Arpit Gupta, a Ph.D. student in finance at Columbia University’s Graduate School of Business, contributed to this column.

Just as the recession in the early 2000s became linked with the bursting of the tech bubble, for many the financial crisis in 2008 has been synonymous with the blow-up of subprime mortgages.

But there was more to 2008 than that.

Gary Gorton, an economist at Yale, recently published an analysis that shows how well some subprime mortgage-backed securities have performed over the past few years – a very counterintuitive conclusion. Citing one of his graduate students, Gorton explains that AAA/Aaa-rated subprime bonds issued in the peak bubble years (when mortgage underwriting was arguably the weakest in history) were only down 0.17 percent as of 2011. In other words, the highly rated subprime bonds – or toxic assets so associated with the financial crisis – have experienced only minimal losses since the bubble popped.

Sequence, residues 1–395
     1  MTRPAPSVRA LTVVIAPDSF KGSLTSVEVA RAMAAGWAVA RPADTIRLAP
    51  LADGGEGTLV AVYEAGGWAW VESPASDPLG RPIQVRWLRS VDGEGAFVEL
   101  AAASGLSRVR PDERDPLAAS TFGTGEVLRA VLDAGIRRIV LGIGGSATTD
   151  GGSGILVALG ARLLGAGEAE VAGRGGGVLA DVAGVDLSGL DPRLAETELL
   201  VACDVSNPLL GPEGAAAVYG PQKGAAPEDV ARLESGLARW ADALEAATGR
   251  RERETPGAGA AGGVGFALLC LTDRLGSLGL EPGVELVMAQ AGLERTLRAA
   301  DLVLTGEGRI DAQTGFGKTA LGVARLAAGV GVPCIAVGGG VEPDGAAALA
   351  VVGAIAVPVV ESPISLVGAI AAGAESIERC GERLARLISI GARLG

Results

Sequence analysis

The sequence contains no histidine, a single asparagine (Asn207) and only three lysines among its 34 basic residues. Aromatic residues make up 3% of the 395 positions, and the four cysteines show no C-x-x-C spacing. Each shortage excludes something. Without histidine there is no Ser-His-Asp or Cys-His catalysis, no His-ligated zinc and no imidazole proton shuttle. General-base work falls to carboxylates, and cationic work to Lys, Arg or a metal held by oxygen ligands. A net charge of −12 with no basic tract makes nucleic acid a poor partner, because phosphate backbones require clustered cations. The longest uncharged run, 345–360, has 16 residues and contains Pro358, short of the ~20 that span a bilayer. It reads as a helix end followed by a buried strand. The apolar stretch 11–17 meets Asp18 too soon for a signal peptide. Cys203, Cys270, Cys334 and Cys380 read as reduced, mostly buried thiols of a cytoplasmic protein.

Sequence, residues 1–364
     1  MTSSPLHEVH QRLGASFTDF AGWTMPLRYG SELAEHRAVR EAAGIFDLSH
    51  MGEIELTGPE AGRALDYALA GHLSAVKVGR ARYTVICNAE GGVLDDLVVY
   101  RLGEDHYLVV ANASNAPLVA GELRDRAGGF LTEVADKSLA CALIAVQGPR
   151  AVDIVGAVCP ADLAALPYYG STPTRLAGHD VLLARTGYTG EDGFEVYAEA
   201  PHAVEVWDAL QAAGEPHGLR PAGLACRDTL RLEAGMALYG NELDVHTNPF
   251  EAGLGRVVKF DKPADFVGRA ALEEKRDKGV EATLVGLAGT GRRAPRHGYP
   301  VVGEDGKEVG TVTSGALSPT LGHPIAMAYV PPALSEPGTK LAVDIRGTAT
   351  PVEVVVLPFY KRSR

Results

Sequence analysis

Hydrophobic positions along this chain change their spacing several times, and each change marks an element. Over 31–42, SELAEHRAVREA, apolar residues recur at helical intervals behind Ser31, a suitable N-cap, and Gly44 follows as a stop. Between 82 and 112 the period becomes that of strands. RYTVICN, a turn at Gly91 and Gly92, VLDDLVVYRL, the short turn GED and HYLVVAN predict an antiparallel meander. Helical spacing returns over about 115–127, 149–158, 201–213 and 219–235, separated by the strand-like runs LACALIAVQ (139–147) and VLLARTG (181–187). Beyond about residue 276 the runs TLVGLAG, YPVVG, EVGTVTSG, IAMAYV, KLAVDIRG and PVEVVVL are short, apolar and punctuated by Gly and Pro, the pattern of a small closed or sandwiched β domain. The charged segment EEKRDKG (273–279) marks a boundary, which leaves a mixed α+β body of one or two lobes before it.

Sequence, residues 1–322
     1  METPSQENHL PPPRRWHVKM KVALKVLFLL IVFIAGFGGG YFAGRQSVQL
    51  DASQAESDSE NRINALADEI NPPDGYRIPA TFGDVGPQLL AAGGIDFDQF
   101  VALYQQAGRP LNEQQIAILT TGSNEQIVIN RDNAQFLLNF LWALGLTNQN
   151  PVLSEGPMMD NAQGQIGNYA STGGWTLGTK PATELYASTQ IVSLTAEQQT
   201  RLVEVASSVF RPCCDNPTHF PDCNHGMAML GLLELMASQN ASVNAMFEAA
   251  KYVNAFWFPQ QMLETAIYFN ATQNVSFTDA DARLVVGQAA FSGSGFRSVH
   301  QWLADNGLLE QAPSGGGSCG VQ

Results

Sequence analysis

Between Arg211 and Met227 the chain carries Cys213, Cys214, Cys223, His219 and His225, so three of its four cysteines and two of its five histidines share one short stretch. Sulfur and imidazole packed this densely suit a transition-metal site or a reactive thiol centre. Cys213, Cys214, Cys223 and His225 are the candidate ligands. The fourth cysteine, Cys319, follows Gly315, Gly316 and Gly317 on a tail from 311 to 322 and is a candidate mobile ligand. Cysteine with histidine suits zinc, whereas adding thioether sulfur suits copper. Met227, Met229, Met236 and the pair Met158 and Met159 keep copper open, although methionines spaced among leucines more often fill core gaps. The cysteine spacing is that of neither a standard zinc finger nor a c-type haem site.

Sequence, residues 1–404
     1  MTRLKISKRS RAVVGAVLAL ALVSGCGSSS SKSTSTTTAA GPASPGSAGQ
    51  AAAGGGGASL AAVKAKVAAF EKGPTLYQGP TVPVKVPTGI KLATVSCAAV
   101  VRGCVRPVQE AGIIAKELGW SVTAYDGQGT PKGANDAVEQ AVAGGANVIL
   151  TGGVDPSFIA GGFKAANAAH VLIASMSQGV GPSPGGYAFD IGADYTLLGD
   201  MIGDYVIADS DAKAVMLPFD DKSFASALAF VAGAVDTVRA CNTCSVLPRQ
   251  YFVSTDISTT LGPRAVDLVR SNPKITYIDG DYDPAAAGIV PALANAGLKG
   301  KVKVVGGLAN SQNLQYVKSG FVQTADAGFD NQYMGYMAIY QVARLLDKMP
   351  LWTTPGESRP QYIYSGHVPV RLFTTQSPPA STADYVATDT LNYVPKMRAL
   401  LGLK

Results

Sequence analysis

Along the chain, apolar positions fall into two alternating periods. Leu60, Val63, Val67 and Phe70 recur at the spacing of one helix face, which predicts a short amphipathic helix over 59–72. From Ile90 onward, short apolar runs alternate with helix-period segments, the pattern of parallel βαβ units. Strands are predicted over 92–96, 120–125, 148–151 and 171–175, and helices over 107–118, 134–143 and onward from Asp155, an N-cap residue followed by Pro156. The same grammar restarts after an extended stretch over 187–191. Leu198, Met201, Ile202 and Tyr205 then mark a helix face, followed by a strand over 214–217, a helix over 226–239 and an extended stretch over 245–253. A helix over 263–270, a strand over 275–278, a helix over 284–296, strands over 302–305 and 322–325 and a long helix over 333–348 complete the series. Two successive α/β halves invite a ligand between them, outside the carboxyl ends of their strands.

Of course, that bond statistic ignores the numerous costs borne by the federal government in response to the crisis. For example, the mortgage giants Fannie Mae and Freddie Mac required more than a $150 billion bailout, and the Federal Reserve dropped and held interest rates to historical lows, in part so that millions of homeowners could refinance their mortgages (often into new mortgage products that were also backed by taxpayers through another government program). That is, it’s important to acknowledge that subprime mortgage products have done relatively well partly because of post-crisis government interventions that were costly for taxpayers.

Nevertheless, the subprime bonds’ better-than-expected performance can help us think through the broader role of highly rated securities in the financial crisis. In particular, it helps focus our attention away from the assets themselves (as it now appears that some subprime securities held up surprisingly well) and toward how the assets were financed using leverage and risky holding structures.